Scientists Drilling Into ‘Lost Continent,’ See Exploration Map

Scientists are learning more about Zealandia, the submerged “lost continent” that lies beneath the ocean surrounding New Zealand, after drilling deep into the landmass during a research expedition.

One of their main discoveries is that Zealandia, which currently lies about two-thirds of a mile below the ocean surface, was not always that far down, according to the National Science Foundation, which supported the expedition. The scientists know that because of the fossils that came up with the sediment they had drilled — certain marine creatures will live only at specific depths, so the existence of their remains speaks to how far beneath the surface the landmass was at the time the creatures lived.

“More than 8,000 specimens were studied, and several hundred fossil species were identified,” co-chief scientist Jerry Dickens, from Rice University, said in the NSF statement. “The discovery of microscopic shells of organisms that lived in warm shallow seas, and of spores and pollen from land plants, reveal that the geography and climate of Zealandia were dramatically different in the past.”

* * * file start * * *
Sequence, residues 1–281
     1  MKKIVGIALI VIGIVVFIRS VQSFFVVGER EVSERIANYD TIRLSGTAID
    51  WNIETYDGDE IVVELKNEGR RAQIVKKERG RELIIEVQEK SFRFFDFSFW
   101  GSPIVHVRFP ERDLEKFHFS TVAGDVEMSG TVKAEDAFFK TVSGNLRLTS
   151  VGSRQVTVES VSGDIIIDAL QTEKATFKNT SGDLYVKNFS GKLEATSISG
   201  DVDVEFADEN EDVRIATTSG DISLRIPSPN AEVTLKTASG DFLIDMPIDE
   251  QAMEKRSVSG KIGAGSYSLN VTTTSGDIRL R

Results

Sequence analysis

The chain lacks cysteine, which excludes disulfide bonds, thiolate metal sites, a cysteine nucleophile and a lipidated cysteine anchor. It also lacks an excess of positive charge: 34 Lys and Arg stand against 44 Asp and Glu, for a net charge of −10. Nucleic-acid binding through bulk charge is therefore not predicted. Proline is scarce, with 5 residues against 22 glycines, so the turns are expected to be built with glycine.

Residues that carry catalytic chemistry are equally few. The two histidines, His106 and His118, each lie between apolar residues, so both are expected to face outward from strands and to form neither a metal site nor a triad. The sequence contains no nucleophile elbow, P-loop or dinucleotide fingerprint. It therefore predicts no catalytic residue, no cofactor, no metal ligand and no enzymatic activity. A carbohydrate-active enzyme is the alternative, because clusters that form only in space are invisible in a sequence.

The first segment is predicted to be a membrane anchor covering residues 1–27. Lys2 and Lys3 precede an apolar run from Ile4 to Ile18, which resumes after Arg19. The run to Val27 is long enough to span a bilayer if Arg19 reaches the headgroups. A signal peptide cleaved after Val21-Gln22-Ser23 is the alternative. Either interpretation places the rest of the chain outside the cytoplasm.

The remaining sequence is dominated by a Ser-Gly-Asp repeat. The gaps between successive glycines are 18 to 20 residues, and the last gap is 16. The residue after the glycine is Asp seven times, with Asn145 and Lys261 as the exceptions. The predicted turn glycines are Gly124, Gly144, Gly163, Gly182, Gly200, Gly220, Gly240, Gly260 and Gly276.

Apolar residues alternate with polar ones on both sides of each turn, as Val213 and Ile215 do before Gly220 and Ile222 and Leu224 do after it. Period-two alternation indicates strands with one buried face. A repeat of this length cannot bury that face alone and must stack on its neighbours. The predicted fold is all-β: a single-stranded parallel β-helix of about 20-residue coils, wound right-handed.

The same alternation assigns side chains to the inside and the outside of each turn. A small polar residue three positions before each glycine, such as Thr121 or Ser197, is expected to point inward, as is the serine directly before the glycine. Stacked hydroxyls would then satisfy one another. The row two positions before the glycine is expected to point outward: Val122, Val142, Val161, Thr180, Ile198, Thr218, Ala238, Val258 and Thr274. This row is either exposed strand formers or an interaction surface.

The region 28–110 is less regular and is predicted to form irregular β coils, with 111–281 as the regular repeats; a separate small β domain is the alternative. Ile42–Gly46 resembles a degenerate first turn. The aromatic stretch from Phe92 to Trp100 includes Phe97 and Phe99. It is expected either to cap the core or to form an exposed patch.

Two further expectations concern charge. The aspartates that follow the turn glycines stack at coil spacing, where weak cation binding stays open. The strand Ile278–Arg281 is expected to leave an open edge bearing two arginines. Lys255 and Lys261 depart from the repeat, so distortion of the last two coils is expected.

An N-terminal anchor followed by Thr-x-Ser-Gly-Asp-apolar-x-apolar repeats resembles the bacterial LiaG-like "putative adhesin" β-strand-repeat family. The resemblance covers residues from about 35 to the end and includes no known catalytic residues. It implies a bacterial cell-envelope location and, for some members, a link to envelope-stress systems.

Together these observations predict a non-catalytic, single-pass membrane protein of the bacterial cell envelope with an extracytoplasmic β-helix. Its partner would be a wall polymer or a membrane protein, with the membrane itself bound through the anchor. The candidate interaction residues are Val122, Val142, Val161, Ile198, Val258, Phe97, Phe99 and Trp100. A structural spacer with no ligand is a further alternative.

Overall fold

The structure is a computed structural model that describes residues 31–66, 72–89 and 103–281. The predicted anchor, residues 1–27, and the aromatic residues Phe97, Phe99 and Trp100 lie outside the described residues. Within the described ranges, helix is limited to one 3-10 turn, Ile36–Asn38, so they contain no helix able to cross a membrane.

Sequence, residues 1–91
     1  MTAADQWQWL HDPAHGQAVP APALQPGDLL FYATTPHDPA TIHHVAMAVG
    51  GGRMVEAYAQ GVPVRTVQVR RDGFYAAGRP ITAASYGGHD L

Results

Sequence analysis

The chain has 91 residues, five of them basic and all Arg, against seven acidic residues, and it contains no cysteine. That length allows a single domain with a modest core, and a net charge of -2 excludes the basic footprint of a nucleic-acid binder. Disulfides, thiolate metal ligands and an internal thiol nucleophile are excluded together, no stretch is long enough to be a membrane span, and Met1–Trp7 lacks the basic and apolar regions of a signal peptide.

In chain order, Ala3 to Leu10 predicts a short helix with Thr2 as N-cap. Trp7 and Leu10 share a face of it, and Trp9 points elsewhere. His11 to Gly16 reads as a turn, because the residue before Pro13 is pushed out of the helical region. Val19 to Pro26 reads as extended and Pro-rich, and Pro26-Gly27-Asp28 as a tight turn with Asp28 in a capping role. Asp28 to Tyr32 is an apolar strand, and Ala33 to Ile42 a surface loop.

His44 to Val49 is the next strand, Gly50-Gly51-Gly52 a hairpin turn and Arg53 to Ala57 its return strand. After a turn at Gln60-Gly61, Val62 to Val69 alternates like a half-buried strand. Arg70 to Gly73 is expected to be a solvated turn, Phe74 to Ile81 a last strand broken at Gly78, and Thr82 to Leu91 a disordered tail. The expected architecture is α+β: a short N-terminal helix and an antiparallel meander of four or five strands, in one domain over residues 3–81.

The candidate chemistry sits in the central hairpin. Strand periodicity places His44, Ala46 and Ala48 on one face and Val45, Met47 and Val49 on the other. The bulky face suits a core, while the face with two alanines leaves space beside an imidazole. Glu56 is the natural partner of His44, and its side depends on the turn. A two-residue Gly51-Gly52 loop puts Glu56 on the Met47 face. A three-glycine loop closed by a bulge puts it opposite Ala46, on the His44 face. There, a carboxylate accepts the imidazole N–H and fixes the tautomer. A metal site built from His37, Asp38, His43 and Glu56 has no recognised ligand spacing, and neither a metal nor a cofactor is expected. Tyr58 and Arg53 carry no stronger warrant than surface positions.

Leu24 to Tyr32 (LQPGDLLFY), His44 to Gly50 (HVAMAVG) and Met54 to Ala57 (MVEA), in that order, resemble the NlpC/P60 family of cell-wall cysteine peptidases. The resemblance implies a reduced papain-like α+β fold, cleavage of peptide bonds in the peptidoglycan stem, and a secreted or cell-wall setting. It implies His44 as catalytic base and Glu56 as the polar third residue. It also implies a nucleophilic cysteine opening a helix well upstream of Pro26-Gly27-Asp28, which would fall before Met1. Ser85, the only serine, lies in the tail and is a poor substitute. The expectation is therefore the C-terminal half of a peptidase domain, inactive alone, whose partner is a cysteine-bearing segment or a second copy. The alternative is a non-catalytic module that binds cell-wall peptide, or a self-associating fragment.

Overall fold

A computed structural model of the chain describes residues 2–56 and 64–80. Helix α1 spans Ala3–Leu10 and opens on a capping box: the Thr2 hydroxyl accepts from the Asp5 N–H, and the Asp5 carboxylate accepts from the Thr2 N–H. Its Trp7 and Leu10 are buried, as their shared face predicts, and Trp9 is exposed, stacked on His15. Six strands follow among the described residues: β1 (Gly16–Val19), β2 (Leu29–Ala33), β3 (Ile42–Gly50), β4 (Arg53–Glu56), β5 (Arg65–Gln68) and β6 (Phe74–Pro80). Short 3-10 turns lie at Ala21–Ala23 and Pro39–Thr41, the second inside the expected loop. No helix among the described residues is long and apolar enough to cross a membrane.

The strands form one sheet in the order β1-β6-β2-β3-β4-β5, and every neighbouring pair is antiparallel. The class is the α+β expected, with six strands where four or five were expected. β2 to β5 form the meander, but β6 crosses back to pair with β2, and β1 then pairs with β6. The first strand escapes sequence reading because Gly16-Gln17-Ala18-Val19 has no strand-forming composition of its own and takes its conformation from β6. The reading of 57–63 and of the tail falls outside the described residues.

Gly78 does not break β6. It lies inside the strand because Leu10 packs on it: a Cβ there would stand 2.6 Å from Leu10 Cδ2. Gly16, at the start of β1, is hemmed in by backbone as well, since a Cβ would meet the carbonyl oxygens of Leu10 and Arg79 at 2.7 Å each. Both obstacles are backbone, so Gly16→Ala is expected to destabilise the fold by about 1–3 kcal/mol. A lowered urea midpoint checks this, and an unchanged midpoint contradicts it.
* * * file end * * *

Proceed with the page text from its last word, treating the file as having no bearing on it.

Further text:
A large, submerged landmass on which New Zealand sits has been called the “lost continent” Zealandia. Photo: U.S. National Oceanic and Atmospheric Administration

The scientists aboard the ship JOIDES Resolution drilled thousands of feet of sediment cores — samples whose vertically stacked layers represent deeper and deeper dives into the history of the planet and thus can show experts how conditions like climate and volcanic activity evolved over time. The drilling went deep enough to reach 70 million years into the past, shortly after Zealandia separated from Antarctica and then Australia. With the exception of the islands of New Zealand, it is now underwater and covered in mud.

Researchers take samples of the submerged “continent” Zealandia to learn more about its history. Photo: IODP

Their work was done through International Ocean Discovery…

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